If there are four words that can send a chill down my cinema-loving spine, those four words are 'Screenplay by Akiva Goldsman'. Four more words that leave me shivering in the dark are 'Screenplay by David Koepp'. When a film comes emblazoned with the seven hellish words 'Screenplay by Akiva Goldsman and David Koepp' you'll find me curled up in the foetal position, near the fire escape, hoping to find a plug socket to frenchie. 'Angels and Demons' is such a film.
Its not that these screenwriters haven't had triumphs. Koepp has 'Jurassic Park' and 'Spider-Man' under his belt, Goldsman has an Oscar (very undeserved) for 'A Beautiful Mind', and wrote 'I Am Legend', which is almost classic for the first two-thirds. Its just that every word they write is formulaic, by-the-numbers tosh. Their only prerequisite is to advance the plot with nary a side thought for anything as complex as characterisation, theme or enjoyable dialogue.
A sequel to 'The Da Vinci Code' (even though the book is in fact set before) we find symbologist (not archeaologist, definitely not) Robert Langdon (Tom Hanks sans-mullet) not shacked up with Audrey Tatou, and not a huge celebrity for uncovering the fact that Jesus had a child but rather a mid-level writer who can't get access to the Vatican archives to finish his latest book. Thankfully for Bob, the Pope has just died and his most likely successors (cue 'Pope Idol' joke dated 2007) have been popenapped.
On the back of his (obviously not very important) discovery about Da Vinci, the clergy feel Prof Langdon is the right man to find the wannabe Popes before they meet their grisly fates. So they fly him to the Vatican, team him up with some more Euro totty (Ayelet Zurer) and send him on an aesthestic treasure hunt. Oh, and he also has until midnight to find and de-activate an anti-matter bomb that will destroy half of Rome.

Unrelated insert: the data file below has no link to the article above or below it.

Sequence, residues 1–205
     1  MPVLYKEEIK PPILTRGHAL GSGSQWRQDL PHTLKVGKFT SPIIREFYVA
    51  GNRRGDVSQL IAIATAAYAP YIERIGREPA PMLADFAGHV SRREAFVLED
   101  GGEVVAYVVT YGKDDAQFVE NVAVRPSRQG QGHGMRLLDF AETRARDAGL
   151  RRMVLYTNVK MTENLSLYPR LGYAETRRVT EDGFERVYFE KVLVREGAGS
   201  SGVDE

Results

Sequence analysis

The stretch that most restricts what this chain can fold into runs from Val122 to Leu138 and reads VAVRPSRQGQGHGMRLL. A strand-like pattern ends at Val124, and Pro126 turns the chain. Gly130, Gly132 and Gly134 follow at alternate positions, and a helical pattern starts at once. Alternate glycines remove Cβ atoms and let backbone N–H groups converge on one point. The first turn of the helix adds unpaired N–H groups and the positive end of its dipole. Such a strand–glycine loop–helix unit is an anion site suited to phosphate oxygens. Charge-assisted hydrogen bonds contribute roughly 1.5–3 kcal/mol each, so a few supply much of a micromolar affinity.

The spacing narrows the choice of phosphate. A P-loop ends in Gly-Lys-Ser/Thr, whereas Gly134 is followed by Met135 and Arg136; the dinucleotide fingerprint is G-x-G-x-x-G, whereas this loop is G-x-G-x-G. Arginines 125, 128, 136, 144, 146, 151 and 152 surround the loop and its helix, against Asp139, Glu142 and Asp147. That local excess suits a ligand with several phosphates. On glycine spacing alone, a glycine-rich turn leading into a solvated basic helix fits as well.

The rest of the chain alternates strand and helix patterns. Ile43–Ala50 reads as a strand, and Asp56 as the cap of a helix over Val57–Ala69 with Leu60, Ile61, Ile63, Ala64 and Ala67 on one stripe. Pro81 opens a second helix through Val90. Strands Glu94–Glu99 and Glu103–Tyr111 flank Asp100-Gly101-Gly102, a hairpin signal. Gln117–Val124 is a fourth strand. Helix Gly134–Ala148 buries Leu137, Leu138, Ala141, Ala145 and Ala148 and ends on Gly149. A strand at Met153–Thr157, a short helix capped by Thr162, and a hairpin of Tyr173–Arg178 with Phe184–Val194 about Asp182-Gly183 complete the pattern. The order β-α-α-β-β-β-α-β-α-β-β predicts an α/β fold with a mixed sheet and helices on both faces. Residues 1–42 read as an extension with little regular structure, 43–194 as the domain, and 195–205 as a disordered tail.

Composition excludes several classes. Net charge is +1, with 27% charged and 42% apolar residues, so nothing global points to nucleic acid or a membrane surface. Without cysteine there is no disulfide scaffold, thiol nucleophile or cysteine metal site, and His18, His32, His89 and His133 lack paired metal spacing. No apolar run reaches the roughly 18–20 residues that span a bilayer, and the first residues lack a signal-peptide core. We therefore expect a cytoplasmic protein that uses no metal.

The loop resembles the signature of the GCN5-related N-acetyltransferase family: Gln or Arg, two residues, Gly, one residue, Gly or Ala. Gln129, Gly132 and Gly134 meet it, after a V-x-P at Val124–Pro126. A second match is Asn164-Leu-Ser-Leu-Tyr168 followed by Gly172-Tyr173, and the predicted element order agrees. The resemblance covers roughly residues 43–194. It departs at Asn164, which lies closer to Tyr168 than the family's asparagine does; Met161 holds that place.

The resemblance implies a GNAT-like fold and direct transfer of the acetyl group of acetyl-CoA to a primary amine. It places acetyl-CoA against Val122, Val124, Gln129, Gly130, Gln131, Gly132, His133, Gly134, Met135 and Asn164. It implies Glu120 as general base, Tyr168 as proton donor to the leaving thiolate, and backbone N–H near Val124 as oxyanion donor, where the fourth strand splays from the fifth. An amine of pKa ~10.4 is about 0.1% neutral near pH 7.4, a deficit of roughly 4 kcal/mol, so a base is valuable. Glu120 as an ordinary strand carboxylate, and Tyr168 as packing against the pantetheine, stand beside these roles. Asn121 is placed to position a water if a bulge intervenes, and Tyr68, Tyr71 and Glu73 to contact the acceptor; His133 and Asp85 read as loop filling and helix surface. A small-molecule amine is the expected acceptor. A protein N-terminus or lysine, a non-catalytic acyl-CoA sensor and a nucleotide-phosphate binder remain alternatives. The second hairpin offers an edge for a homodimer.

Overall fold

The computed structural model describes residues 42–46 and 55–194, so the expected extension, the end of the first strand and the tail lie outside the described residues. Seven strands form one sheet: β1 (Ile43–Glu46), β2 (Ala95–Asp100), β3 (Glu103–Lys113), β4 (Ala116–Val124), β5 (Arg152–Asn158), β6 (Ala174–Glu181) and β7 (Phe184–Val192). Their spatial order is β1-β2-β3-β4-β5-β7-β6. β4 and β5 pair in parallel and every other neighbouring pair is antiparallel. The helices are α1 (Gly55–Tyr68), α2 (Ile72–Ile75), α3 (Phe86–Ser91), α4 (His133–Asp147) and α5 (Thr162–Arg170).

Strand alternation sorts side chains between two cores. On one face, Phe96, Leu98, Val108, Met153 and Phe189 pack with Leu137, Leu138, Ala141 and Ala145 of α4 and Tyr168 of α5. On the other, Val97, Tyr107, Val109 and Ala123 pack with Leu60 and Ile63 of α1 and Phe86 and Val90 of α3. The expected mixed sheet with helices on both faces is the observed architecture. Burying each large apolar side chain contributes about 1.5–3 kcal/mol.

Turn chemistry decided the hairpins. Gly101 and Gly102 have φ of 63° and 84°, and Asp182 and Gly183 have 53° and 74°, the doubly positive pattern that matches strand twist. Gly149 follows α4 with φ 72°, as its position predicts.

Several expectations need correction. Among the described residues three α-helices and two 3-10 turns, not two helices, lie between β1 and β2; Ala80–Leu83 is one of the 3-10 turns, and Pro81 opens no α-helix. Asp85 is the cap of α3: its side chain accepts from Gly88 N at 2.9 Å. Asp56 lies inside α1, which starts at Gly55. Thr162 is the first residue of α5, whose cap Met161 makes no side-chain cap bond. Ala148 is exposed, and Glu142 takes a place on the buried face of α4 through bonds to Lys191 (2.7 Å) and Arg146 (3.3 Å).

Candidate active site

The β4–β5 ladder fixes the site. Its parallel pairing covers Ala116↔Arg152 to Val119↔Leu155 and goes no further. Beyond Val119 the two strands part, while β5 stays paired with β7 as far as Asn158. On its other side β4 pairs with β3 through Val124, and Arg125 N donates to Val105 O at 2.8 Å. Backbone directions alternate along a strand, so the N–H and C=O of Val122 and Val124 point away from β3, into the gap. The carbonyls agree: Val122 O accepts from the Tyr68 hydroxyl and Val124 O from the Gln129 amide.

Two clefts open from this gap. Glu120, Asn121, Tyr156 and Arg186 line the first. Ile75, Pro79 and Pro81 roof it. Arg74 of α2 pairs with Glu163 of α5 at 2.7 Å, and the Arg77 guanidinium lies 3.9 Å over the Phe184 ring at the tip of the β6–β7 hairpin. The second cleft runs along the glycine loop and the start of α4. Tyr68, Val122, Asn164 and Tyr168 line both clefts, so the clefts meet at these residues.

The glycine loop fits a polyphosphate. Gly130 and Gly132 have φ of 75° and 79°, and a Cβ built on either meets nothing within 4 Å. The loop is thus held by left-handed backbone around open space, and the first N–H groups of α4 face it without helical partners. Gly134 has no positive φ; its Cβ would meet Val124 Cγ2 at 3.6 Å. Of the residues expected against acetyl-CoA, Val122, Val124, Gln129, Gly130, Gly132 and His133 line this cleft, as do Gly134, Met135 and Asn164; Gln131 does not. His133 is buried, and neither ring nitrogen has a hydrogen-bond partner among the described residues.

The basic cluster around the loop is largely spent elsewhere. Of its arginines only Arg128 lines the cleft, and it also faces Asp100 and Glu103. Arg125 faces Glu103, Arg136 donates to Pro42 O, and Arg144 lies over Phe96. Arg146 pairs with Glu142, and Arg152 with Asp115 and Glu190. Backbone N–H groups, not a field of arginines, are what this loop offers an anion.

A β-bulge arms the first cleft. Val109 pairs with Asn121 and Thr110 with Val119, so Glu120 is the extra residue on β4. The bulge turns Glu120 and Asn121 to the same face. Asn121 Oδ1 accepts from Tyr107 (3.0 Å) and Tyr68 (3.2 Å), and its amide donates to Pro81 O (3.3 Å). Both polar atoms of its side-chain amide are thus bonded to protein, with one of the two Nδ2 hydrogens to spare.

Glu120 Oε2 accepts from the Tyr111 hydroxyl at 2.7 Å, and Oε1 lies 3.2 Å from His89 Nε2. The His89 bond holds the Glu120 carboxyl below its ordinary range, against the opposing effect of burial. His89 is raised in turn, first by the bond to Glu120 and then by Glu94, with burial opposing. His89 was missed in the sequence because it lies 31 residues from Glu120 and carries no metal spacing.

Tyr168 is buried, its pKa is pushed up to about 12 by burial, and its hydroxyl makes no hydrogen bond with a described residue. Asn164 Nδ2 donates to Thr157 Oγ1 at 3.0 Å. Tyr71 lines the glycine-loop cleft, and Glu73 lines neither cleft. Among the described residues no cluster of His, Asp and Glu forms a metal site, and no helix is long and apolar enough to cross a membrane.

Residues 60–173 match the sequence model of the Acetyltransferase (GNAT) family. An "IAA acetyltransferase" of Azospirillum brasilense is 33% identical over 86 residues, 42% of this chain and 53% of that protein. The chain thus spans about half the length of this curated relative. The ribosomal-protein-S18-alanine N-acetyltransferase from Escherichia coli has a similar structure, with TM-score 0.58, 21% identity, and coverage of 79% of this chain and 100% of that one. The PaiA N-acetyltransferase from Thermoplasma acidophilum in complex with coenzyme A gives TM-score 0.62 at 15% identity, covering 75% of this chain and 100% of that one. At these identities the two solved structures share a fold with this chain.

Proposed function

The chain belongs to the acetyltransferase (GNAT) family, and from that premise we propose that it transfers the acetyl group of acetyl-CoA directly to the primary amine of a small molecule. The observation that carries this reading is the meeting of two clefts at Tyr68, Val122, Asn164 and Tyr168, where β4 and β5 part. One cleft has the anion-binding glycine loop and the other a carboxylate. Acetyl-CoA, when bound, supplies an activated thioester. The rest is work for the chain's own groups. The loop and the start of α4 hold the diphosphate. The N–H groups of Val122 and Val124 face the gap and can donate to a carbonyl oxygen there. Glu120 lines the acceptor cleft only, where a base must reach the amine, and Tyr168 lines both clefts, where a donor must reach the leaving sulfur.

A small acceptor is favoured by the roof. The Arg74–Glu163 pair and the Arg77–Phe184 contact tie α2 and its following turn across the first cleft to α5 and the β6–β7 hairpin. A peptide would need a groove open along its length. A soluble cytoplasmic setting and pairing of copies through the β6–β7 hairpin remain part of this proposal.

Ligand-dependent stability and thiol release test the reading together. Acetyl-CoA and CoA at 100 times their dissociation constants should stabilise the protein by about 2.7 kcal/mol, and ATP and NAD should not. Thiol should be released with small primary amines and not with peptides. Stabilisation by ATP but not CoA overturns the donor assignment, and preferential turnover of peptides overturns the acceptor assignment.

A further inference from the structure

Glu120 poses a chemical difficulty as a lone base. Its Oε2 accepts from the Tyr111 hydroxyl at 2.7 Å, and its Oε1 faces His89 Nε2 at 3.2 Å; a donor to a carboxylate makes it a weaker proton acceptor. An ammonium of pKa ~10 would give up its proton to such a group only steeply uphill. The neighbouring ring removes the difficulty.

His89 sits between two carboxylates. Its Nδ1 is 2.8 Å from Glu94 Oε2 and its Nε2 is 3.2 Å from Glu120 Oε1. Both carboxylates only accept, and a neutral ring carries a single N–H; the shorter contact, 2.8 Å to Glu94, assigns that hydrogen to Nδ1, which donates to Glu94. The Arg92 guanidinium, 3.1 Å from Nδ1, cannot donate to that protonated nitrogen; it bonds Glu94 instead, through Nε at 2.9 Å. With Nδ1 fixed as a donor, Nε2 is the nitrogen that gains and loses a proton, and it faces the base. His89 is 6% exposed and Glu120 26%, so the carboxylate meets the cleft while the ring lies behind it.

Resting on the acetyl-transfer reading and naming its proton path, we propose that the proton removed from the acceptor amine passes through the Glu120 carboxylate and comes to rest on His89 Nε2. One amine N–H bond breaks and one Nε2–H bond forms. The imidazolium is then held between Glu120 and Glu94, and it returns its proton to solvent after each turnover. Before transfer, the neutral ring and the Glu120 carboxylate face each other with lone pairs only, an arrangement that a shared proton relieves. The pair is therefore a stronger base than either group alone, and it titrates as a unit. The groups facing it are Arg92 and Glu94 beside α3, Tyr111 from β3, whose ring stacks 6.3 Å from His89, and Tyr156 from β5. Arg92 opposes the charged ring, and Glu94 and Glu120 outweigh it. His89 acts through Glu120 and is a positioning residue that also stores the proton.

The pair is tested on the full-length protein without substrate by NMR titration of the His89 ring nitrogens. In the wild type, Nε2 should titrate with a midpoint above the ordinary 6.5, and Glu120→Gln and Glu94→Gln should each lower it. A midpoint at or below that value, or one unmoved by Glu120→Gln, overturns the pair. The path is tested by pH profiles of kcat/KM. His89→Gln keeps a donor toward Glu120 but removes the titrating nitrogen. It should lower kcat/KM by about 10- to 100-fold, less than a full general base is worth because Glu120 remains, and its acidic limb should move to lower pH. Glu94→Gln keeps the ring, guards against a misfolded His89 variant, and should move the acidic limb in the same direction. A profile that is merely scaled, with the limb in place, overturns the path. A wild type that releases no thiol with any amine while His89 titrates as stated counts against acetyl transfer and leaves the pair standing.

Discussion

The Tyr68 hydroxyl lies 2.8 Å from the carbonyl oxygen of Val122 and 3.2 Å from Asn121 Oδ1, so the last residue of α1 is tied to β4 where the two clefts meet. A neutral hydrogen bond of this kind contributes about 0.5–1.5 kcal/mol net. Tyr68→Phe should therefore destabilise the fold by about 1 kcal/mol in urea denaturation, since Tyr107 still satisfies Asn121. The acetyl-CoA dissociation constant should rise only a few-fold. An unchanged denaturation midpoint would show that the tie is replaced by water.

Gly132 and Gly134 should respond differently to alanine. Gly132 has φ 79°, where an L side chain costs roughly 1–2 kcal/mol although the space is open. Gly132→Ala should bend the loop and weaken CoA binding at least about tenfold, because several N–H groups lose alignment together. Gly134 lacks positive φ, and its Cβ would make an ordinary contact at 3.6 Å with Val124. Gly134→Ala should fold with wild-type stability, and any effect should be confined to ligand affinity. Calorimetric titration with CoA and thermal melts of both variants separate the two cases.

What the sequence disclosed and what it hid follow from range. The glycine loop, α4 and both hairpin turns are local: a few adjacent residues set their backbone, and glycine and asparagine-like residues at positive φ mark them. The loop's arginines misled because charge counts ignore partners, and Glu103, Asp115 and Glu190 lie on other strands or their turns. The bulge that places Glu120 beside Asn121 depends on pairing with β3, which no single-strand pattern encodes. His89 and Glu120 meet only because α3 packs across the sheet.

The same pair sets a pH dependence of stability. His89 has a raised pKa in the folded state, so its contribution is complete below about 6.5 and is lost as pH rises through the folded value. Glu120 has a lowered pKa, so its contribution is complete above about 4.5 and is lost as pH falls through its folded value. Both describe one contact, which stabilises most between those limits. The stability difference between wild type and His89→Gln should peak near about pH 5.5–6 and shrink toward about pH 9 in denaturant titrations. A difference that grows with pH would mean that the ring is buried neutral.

What the fuck? Anti-matter bombs!!! First up this is Dan 'Hack' Brown's fault for writing in a plot device so cheap and lazy it couldn't pick up a tab for half a coke citing ME as its reason. Secondly the 'Hack' merchant (Goldsman) who ruined 'I Am Legend' by changing the ending, and missing the entire point of the book, has decided that this piece deserves a faithful adaptation. So every (yawn) page-turning aspect of the book remains. Nothing added to, nothing subtracted.
As for the actors, Tom Hanks phones it in and Ayelet Zurer ain't no Audrey Tatou. Only Ewan McGregor manages to get the few tolerable lines of dialogue that might open this up into a thoughtful meditation on the place of science and religion in the modern age. These are few and far between. While zealots will piss their crucifix-wearing pants at the prospect of the 'Big' star messing with the church, this certainly isn't the Richard Dawkins circle-jerk that was proposed. For it to be that it would have to have a point-of-view or something to say. I don't think the screenwriters involved have ever had either.